Where is La Palma?
La Palma is the second most western island in the archipelago after El Hierro and the second most northern island after Lanzarote.
It has the shape of a heart or of a tooth and a size of 708 square kilometers. La Palma is the second-highest island; the massive Caldera de Taburiente dominates the central part of the island and the Roque de los Muchachos, at 2,426 meters, is the second-highest point on the island after Mount Teide. The central and northern parts are green while the south of La Palma offers a moon-like landscape very similar to the one found in Lanzarote.
So many things to enjoy!
La Palma is a paradise for hikers and hiking is with no doubt the number 1 activity on the island. Guided hiking tours are available and are not a bad option since many of the less frequented paths can become difficult due to overgrowing plants.
But there is much more than hiking! La Palma is a great destination for wine lovers and Malvasia grape offers some fantastic local wines. Star-gazing is also a very popular activity in La Palma and despite the Observatory at Roque de los Muchachos is not always opened for visits, La Palma offers one of the clearest skies in the Northern hemisphere. Local guided tours are organized all year round and offer a great experience.
La Palma also offers good diving opportunities and the most recent volcanic eruptions have created some pretty interesting underwater sights. Despite scuba-diving in La Palma is not as spectacular as diving in Lanzarote, you will be able to enjoy particularly clear waters and abundant submarine fauna.
Las but not least, La Palma is well-known for the quality of its woodwork, pottery and basketry and some local markets like the one at Los Llanos or Garafia offer good opportunities for local shopping.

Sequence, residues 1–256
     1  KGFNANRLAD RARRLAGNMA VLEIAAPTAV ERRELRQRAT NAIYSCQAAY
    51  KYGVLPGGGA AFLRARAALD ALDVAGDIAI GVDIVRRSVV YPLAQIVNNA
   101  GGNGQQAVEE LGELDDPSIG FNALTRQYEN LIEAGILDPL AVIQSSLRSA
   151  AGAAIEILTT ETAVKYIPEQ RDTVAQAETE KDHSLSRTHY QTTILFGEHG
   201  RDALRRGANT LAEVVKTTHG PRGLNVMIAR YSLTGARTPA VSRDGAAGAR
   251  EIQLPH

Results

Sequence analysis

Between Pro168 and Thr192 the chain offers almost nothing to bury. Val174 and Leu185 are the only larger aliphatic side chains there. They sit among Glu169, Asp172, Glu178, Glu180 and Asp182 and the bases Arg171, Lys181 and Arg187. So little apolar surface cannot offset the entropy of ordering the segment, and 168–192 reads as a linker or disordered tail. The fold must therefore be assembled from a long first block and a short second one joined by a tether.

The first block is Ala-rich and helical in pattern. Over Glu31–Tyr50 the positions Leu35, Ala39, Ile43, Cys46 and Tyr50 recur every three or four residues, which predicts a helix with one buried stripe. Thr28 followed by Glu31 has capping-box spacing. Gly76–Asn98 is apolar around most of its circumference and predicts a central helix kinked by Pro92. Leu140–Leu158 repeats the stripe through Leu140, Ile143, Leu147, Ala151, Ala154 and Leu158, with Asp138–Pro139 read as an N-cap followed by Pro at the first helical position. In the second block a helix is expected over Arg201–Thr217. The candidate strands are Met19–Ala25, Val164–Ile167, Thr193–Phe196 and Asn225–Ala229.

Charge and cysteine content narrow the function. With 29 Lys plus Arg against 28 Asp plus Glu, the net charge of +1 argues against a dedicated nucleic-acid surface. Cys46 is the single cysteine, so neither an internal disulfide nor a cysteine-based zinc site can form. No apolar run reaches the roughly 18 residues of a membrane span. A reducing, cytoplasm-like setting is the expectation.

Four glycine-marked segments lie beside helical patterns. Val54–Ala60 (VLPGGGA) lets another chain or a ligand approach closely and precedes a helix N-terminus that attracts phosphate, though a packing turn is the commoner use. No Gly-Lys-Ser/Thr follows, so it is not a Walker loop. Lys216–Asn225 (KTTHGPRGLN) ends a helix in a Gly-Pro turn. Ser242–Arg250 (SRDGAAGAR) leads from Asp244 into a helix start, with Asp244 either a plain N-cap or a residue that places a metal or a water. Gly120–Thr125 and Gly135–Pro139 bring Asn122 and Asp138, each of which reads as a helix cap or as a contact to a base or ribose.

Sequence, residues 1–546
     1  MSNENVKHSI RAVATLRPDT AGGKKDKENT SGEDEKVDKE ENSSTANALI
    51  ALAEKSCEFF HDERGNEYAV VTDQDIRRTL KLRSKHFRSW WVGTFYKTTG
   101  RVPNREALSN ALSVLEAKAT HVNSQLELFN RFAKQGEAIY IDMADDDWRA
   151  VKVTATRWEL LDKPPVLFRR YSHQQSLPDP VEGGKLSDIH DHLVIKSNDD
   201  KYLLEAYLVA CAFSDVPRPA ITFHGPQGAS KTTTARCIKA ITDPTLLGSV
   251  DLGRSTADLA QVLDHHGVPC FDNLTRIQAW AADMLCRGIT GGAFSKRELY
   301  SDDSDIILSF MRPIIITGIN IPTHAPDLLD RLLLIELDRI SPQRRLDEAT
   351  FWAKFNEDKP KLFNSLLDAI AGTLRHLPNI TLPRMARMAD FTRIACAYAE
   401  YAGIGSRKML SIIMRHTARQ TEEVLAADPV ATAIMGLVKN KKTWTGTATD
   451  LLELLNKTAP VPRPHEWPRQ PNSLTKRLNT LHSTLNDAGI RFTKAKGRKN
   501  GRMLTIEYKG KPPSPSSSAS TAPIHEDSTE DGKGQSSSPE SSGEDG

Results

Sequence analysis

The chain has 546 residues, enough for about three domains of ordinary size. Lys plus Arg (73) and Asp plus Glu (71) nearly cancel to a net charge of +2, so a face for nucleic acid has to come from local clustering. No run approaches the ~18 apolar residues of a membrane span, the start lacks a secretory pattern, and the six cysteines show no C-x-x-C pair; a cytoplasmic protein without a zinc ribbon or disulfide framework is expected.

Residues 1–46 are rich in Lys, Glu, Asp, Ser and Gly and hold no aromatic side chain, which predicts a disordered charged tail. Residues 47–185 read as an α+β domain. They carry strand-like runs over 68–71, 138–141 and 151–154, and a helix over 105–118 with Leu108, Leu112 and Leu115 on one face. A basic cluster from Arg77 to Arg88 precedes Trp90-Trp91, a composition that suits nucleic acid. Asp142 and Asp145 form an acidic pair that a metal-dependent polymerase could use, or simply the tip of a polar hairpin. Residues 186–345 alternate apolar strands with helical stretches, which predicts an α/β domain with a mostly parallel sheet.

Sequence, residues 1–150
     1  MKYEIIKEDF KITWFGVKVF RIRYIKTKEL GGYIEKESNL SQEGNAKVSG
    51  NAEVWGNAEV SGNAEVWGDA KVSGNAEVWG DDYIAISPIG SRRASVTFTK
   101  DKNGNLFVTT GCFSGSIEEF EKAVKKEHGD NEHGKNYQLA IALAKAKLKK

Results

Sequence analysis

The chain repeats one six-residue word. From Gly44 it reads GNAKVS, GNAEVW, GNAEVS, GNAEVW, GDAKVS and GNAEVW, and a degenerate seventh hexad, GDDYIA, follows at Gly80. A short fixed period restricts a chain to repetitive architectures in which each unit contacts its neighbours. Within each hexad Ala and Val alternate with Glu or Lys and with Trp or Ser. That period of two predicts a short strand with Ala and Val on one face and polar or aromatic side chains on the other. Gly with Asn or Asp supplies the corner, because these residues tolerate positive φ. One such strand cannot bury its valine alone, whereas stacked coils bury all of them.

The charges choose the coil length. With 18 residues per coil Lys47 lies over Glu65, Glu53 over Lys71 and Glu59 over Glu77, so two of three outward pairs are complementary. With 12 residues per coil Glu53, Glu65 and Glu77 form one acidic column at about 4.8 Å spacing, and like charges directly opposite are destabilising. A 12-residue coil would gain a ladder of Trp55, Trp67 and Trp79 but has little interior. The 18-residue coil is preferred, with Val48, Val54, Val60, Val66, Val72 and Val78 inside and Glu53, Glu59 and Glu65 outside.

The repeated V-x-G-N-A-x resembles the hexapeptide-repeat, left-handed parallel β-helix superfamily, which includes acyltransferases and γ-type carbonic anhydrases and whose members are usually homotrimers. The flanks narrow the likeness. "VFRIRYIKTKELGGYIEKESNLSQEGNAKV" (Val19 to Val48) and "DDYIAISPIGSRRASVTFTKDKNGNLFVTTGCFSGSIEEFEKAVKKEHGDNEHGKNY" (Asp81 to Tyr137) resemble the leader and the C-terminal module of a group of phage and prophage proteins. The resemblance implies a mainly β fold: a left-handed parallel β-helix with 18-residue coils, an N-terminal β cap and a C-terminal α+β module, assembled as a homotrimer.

Quick facts about La Palma
Close to 80,000 people population concentrate in Santa Cruz de La Palma and in the western part of the island.
Over 700 species of Flora of which 50 are only to be found in La Palma are numbers that speak about the ecological value of the island. There are some impressive laurel forests in the northeast of the island.
La palma´s economy is led by agriculture: banana plantations are to be found everywhere in the island ad annual production has only grown in recent decades in detriment of wine. Wine trade was once very important but it is far less profitable than banana and vines were removed to get banana trees planted instead.
Water supply is not a main problem in La Palma unlike for some of its “sisters” in the Canary archipelago.
La Palma is the most humid of the Canary islands, with over 700 mm of annual rainfall.
Natural parks and hiking
La Caldera del Taburiente is la Palma´s top tourist attraction. It is one of Spain´s top National parks, a tittle reserved to the best natural areas of the country. But there are many more natural areas that can be enjoyed in La Palma. La Ruta de los Volcanes is a great example. It can be enjoyed from Fuencaliente and offers a moon-like landscape. The Northern part of La Palma also offers excellent natural areas: from cliffs in the least explore areas in the northern coast, to the amazing laurel forests in the north east.
Whale and dolphin wacthing
Daily excursions departure from Tazacorte port to enjoy dolphins and small whales. Sightings can be enjoyed nearly always and despite La Palma offers less resident population than the waters between La Gomera and Tenerife, this is a great activity to enjoy in the island.
Brief history of La Palma
The island had a fantastic name before the arrival of Spanish troops: Benahoare. Benahoare means “My Homeland” and was organized in 12 different cantons which had a chief each (mencey). Local “benahoaritas” were described as the tallest of all inhabitants in the Canary Islands, and women described as “Amazonian” and fierce fighters. Due to its geography, La Palma was one of the last islands to be conquered.
The island became rich in the 16th century thanks to the exports of sugar, honey and wine. Today, La Palma is still the island where locals are keener to enjoy very sweet desserts.
Wealth brought also problems and the port of Santa Cruz de la Palma was attacked on a good number of occasions by pirates, including the famous Frenchman, François Le Clerc.
You can learn more about the history of the Canary islands on this article